• The DABC is considering replacing the”Zion curtain” with the “Zion wall” at some restaurants that also have a bar [Fox 13, Tribune].
  • Rep. John Curtis has been added to the House Natural Resources Committee [E&E News].
  • The Utah House passed a measure to offer family-planning and contraceptive measures to low-income women [Deseret News].
  • More non-Mormons and increased tourism pushed liquor sales in Utah to more than $420 million last year [Associated Press].
  • Tribal leaders are pushing back against a bill sponsored by Rep. John Curtis to establish management of the new Shash Jaa National Monument [Tribune].
  • A House panel approved a measure allowing for 15-year-olds who kill an on-duty police officer to be charged as an adult [Deseret News].
  • Smaller community correction centers would be scattered around the state under legislation advanced by a House committee on Tuesday [Deseret News, Tribune].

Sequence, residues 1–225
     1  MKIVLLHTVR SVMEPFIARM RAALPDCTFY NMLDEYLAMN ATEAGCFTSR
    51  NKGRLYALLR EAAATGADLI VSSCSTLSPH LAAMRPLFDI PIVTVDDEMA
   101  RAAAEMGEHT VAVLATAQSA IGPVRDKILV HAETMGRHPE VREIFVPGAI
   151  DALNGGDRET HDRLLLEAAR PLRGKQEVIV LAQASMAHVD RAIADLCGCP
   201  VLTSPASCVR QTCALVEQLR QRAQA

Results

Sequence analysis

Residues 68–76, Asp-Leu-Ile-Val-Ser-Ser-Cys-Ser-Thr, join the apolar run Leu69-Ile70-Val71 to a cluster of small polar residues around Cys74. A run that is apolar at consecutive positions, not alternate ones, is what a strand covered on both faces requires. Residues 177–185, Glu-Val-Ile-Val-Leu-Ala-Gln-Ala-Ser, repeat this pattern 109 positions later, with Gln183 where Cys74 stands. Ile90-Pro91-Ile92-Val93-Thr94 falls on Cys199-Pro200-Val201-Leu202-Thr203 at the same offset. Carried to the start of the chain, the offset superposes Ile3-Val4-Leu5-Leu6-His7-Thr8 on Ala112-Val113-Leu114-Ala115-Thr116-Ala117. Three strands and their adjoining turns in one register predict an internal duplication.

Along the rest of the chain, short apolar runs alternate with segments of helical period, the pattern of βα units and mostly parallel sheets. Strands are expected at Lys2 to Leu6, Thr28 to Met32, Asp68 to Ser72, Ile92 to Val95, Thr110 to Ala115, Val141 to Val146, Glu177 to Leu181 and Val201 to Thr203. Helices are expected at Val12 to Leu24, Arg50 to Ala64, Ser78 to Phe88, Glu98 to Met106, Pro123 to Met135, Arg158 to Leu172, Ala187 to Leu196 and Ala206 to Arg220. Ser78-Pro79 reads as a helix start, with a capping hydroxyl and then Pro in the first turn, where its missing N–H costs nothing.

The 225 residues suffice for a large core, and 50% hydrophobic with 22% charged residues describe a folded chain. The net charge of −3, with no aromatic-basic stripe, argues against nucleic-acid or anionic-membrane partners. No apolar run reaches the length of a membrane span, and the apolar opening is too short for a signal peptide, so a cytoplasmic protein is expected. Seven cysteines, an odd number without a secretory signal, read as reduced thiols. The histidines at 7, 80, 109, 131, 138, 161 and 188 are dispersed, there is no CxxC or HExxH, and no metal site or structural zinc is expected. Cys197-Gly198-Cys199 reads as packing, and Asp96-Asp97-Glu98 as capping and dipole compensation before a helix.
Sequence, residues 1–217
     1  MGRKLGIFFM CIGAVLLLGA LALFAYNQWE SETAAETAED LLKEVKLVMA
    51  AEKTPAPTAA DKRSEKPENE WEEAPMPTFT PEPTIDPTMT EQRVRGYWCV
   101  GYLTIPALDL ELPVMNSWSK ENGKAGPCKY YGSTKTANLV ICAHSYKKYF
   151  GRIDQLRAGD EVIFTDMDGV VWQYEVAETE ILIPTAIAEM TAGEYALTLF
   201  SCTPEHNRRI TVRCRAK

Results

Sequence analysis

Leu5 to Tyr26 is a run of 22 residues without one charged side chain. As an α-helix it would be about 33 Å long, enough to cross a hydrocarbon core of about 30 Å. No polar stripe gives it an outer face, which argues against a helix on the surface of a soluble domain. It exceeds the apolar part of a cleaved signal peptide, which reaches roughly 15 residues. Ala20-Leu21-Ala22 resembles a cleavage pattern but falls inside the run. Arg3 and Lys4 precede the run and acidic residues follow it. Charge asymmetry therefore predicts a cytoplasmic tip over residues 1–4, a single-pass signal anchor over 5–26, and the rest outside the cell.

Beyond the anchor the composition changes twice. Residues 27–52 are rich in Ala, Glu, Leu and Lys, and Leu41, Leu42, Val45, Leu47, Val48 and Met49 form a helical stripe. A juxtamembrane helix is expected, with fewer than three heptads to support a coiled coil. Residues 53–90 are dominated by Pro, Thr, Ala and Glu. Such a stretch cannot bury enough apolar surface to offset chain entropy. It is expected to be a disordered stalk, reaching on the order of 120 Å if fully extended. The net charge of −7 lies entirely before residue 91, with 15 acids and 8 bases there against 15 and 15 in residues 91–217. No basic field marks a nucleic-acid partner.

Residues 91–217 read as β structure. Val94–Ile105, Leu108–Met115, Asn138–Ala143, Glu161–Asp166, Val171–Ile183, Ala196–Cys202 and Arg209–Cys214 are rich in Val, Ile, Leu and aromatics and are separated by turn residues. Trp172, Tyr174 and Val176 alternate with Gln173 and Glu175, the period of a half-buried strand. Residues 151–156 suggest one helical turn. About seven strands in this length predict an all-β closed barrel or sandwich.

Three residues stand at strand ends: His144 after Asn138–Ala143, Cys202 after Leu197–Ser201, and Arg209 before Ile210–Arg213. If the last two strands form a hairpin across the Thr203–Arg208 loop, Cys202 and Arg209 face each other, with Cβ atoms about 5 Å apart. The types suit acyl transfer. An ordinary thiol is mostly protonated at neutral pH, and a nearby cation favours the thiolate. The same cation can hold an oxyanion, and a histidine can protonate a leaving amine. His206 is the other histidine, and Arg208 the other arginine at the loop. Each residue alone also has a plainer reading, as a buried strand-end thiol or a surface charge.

• There are more than 900 million cyberattacks on Utah’s computer systems every day [Tribune].
  • Express lane tolls on I-15 may double soon, and they could quadruple down the road [Tribune].

National news highlights:

  • President Donald Trump discussed the stock market, the economy, immigration, fighting ISIS, and rebuilding infrastructure in his State of the Union Address. He did not talk about the Russia investigation [New York Times].
  • Officials from the Justice Department made a last-minute appeal to the White House to stop the release of a secret memo alleging abuses by the FBI. They claim the memo contains sensitive information that would jeopardize American security [Washington Post].